“Of course, the hope is always that offering an attractive rate will help facilitate bookings,” a spokesperson said. “Especially in crazy times like these that have been so tough on everyone in the hotel industry.”

In another election special, the InterContinental Miami is offering an early-voting incentive to guests. The hotel’s Early Voting, Early Check-in package includes early check-in when guests show proof of early voting no matter where they have done it. From $185 per night, the package also features access to a private IHG beach club, which includes two lounge chairs and a beach umbrella. It is available from Oct. 19 through Nov. 30, and the property is located near some downtown Miami early-voting locations.

The hotel “is located near multiple early-voting sites, Phillip and Patricia Frost Museum of Science and Stephen P. Clark Government Center,” an InterContinental Miami spokesperson said, “making it easy for Miami Dade-based guests to fulfill their civic duty and treat themselves after.”

Encouraging voting nationwide this year for the first time, D.C.’s Hamilton Hotel, located just blocks from the White House, is providing iPads in every guest room that open directly to When We All Vote’s voter registration page, which provides information on how to vote in every state. The hotel also has a Suffrage Suite honoring the 100th anniversary of women’s right to vote with historic news clippings and images of famous female movers and shakers. The Hamilton Hotel’s artifacts can be perused an interactive online gallery on the hotel’s website, and it includes images from the Library of Congress, Freedom Forum Institute and the Newseum — the shuttered D.C. news museum. Hung on the wall is a large portrait of the Supreme Court’s female justices, called “The Four Justices,” that the property said “brings the suite to life.”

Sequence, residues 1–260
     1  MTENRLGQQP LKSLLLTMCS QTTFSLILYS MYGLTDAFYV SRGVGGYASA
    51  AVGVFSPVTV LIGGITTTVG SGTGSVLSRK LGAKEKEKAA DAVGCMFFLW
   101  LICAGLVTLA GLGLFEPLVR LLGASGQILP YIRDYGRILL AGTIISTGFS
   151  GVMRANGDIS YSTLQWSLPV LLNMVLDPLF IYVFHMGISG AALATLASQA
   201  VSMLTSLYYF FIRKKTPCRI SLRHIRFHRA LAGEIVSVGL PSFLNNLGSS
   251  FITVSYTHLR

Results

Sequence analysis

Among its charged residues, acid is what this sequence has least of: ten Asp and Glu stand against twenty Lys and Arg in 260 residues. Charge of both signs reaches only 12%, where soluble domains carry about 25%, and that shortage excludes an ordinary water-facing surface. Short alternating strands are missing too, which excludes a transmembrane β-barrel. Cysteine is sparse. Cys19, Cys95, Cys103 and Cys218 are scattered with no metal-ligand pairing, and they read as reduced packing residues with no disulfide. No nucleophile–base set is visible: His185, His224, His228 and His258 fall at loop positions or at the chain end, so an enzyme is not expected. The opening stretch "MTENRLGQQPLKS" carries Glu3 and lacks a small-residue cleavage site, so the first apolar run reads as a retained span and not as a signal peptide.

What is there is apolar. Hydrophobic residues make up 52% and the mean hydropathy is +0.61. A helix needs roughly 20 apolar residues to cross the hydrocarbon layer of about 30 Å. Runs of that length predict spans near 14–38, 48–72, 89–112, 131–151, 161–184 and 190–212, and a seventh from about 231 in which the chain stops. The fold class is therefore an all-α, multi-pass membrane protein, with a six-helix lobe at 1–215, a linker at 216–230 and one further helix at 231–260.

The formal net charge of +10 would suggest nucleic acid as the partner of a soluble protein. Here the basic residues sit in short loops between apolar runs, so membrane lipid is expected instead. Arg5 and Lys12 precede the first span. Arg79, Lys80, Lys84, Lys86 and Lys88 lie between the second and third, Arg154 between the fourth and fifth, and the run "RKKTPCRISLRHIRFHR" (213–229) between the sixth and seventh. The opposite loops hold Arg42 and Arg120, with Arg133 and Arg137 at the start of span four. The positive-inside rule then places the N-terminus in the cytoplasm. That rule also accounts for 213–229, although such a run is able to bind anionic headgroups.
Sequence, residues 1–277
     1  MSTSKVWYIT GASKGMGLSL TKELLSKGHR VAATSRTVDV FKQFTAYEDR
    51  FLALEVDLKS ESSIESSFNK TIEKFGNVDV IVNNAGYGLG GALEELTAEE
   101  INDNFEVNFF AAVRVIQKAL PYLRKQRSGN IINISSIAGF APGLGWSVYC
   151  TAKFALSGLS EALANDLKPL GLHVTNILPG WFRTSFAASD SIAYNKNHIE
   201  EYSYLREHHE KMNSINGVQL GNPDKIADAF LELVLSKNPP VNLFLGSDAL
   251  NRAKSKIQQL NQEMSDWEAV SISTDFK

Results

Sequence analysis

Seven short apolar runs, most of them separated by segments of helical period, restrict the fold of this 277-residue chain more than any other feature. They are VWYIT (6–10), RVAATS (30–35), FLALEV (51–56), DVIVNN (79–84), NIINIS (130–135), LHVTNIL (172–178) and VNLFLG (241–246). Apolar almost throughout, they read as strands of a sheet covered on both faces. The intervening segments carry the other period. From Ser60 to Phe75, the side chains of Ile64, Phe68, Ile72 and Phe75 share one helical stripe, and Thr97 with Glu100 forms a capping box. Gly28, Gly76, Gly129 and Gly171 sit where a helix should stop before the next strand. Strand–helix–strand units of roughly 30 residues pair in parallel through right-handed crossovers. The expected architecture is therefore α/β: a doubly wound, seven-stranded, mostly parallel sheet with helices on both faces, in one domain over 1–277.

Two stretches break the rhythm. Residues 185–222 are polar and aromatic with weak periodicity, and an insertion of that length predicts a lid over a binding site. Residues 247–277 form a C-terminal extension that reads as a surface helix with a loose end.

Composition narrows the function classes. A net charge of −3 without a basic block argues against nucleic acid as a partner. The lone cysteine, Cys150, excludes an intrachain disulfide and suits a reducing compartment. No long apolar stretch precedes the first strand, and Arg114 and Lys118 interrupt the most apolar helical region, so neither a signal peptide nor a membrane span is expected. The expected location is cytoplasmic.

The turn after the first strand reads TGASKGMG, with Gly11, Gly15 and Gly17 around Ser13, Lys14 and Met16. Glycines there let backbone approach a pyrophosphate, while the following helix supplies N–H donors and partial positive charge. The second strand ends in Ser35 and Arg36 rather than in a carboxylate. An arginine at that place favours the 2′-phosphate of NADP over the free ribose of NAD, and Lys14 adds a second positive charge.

A similar image hangs in the aforementioned Hotel Figueroa’s Gran Sala ballroom, which Patke said she hopes inspires voters this Election Day. “It’s this portrait of our female founders standing in that same Gran Sala space, looking down on you,” she said. “I like to think they will be looking down on everyone there voting, with a lot of pride.”

Read more:

Is it safer to fly or drive during the pandemic?

You can now add virtual travel to your Amazon shopping cart

Europe’s summer tourism season was surreal. These photos show it.

Source Article